Monday, March 17, 2014

Teaching Grit and Rigor in the Classroom: Validating Everything I Do

OK, well it's been a long hiatus from the blog (7 months actually), but I'm back. This year has been a difficult one, with implementing the Common Core, and dealing with a lot of changes in my school district, but I am happy to say that I'm finding more time to get back to my passions, one of them being this blog... So, with that being said, let's move on.

This morning on my way to work, I listened to a great piece on NPR called "Does Teaching Kids To Get 'Gritty' Help Them To Get Ahead?" The article goes on to explain that a child's grit (determination, the willingness to fight on and never give up) can actually be a better predictor of success than can IQ score or standardized test scores. But it also states that it can be hard to implement strategies to teach 'grit,' that it seems to be an inherent trait that certain kids have and certain kids don't.

Yet, I've been stuck thinking about this all day. Every teacher deals with the kids who give up easily. We've all heard the 'this is hard, I quit' mentality that plagues so many children in our world today. Actually, those kids have probably always been there, and it can be easy to see them not being successful as they get older. After all, what is college all about? More than anything else, college tests your ability to do something for many years, dealing with tons of ridiculous garbage, bureaucracy, and politics, and finally get a degree and a job. College is all about grit and self-drive.

In the article, Jason Baehr, a philosophy professor at Loyola Marymount University says the following:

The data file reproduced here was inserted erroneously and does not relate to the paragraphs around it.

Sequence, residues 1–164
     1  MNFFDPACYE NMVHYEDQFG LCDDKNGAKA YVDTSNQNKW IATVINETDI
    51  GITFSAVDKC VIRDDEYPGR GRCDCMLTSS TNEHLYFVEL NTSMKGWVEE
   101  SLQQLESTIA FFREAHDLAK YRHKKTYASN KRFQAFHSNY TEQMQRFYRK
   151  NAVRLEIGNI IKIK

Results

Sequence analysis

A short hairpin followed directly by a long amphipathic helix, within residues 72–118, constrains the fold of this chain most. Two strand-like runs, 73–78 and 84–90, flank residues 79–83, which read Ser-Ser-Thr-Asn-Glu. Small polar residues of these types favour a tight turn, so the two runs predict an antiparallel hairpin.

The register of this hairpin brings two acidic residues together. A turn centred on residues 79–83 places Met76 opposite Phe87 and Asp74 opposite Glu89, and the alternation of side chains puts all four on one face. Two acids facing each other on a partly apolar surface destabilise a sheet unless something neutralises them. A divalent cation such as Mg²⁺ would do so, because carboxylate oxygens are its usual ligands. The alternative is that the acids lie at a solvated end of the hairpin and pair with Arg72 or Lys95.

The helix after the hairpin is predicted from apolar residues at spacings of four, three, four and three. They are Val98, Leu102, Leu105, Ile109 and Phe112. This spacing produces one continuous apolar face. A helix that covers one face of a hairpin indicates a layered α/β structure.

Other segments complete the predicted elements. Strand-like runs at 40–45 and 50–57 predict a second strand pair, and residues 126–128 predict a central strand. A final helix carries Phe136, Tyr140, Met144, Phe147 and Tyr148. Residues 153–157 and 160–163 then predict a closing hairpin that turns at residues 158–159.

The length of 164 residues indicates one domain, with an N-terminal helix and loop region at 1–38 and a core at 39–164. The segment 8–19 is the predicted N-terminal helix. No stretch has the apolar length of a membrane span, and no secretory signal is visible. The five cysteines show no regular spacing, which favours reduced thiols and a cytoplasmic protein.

"But I'll say from our experience in the school, I see [kids learning to be grittier] all the time. ... You can create a classroom culture in which struggle and risk-taking is valued more than just getting the right answer."
I made a challenge to myself this year, well a few actually, but what it came down to was creating a classroom focused on process and not product, struggle and rigor and not just right answers and policy. Overall, I feel validated, I feel that my students have shown a greater ability to problem solve, to persevere, and to challenge themselves than ever before in the past. Of course there are the exceptions, as with any class, but I feel that I'm finally coming into my own and creating a classroom culture that demands grit, and I want to grow that.

This article is spot on the way I feel about education at this point in my career. We can discuss hands on learning and investigative approaches, project based learning and strategies to instruct in literacy and math all day and never come to a consensus. But what we need to do is realize that not every child is going to persevere, especially in a subject they aren't passionate about. What we can do, however, is train kids to fight, and deal with their frustration in a constructive way. After all, school isn't supposed to be fun or easy. It's supposed to challenge students, to make them think, to make them frustrated, and to learn to think outside the box. Rigor, relevance, and a classroom focused on the active struggle is a great start. Please read or listen to the article, if you missed the link above, here it is again:

Does Teaching Kids To Get 'Gritty' Help Them To Get Ahead?

Sunday, August 18, 2013

Daily Math Challenge: Upping the Rigor in Mathematics Instruction

All teachers (should) follow lessons plans and unit plans in order to make their instruction cohesive and make sense. I'm not going to get into all the aspects of following scaffolded, developmentally appropriate lesson plans, but if you're "winging it" everyday in the classroom without a clear focus, don't expect a lot of learning to take place.

The point of this post is taking a little timeout in math everyday to let students think and work through challenging, rigorous problems without an immediately evident solution. I call this activity "daily brain work," and it takes 10 minutes. The intent here is to pose a problem to the class, and to step away and let them work through the problem on their own. Students should be able to elaborate and articulate how they reached their solution. Finally, go over the problem, have some students share their answers, and hopefully at least a few have the correct solution to share.